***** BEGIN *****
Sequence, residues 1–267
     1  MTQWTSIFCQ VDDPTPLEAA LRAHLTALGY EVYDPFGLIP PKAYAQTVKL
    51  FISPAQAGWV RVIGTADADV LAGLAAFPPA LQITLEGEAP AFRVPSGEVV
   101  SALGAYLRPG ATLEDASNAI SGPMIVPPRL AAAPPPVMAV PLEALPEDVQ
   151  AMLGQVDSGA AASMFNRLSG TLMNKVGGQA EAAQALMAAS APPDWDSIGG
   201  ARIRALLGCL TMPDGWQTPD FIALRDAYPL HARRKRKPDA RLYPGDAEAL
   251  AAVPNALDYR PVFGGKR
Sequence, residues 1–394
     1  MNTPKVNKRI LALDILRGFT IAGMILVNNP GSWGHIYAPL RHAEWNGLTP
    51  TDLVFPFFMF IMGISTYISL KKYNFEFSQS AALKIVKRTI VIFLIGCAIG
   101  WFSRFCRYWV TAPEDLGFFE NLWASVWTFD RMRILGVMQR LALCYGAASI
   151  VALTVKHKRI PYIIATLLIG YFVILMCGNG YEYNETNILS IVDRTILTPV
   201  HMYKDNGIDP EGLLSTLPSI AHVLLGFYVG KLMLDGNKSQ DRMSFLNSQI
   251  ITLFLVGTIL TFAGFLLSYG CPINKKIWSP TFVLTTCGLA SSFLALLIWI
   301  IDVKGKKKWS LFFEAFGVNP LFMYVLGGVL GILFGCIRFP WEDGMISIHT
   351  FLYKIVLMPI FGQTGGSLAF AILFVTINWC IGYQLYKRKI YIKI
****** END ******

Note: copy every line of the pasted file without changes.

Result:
Sequence, residues 1–267
     1  MTQWTSIFCQ VDDPTPLEAA LRAHLTALGY EVYDPFGLIP PKAYAQTVKL
    51  FISPAQAGWV RVIGTADADV LAGLAAFPPA LQITLEGEAP AFRVPSGEVV
   101  SALGAYLRPG ATLEDASNAI SGPMIVPPRL AAAPPPVMAV PLEALPEDVQ
   151  AMLGQVDSGA AASMFNRLSG TLMNKVGGQA EAAQALMAAS APPDWDSIGG
   201  ARIRALLGCL TMPDGWQTPD FIALRDAYPL HARRKRKPDA RLYPGDAEAL
   251  AAVPNALDYR PVFGGKR
Sequence, residues 1–394
     1  MNTPKVNKRI LALDILRGFT IAGMILVNNP GSWGHIYAPL RHAEWNGLTP
    51  TDLVFPFFMF IMGISTYISL KKYNFEFSQS AALKIVKRTI VIFLIGCAIG
   101  WFSRFCRYWV TAPEDLGFFE NLWASVWTFD RMRILGVMQR LALCYGAASI
   151  VALTVKHKRI PYIIATLLIG YFVILMCGNG YEYNETNILS IVDRTILTPV
   201  HMYKDNGIDP EGLLSTLPSI AHVLLGFYVG KLMLDGNKSQ DRMSFLNSQI
   251  ITLFLVGTIL TFAGFLLSYG CPINKKIWSP TFVLTTCGLA SSFLALLIWI
   301  IDVKGKKKWS LFFEAFGVNP LFMYVLGGVL GILFGCIRFP WEDGMISIHT
   351  FLYKIVLMPI FGQTGGSLAF AILFVTINWC IGYQLYKRKI YIKI